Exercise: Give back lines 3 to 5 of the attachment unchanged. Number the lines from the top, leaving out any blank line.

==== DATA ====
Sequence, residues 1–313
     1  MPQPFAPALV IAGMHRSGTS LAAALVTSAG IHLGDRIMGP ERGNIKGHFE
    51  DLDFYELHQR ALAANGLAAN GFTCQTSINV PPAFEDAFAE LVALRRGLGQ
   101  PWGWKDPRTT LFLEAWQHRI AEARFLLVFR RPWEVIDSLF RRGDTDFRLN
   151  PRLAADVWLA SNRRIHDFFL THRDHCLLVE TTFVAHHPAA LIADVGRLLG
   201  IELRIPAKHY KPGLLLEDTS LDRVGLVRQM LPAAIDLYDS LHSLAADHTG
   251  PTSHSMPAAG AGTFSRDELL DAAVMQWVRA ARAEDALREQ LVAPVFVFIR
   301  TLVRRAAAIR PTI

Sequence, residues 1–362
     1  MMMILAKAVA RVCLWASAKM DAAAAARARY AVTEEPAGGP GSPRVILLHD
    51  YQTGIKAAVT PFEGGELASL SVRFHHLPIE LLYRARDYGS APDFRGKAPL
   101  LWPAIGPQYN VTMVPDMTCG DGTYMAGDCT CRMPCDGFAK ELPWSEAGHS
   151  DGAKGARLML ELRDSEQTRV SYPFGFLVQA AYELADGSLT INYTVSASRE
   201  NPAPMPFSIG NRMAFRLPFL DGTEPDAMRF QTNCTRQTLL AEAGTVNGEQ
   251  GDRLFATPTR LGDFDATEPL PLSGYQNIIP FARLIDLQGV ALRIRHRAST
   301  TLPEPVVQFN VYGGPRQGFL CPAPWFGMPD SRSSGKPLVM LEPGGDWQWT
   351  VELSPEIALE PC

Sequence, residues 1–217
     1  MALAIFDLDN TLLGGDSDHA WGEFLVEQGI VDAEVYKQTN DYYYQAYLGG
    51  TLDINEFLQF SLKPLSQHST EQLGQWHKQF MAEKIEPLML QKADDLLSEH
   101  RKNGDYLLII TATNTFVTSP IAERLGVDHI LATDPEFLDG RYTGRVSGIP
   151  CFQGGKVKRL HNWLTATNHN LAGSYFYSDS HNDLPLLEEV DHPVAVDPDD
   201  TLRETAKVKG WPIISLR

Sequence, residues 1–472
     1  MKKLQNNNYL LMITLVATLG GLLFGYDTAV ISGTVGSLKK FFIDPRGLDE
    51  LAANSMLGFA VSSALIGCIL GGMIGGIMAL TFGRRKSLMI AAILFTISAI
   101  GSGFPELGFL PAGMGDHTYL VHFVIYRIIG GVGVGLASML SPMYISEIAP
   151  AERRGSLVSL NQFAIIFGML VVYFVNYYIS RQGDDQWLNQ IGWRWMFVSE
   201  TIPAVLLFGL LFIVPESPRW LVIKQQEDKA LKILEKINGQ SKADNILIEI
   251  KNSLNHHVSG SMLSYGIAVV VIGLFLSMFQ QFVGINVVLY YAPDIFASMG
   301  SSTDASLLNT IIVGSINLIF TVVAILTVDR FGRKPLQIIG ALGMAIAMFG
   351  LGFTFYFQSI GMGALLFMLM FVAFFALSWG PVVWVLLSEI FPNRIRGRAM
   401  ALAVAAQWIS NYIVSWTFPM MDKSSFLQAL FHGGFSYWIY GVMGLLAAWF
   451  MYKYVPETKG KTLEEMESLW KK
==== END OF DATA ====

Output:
    51  DLDFYELHQR ALAANGLAAN GFTCQTSINV PPAFEDAFAE LVALRRGLGQ
   101  PWGWKDPRTT LFLEAWQHRI AEARFLLVFR RPWEVIDSLF RRGDTDFRLN
   151  PRLAADVWLA SNRRIHDFFL THRDHCLLVE TTFVAHHPAA LIADVGRLLG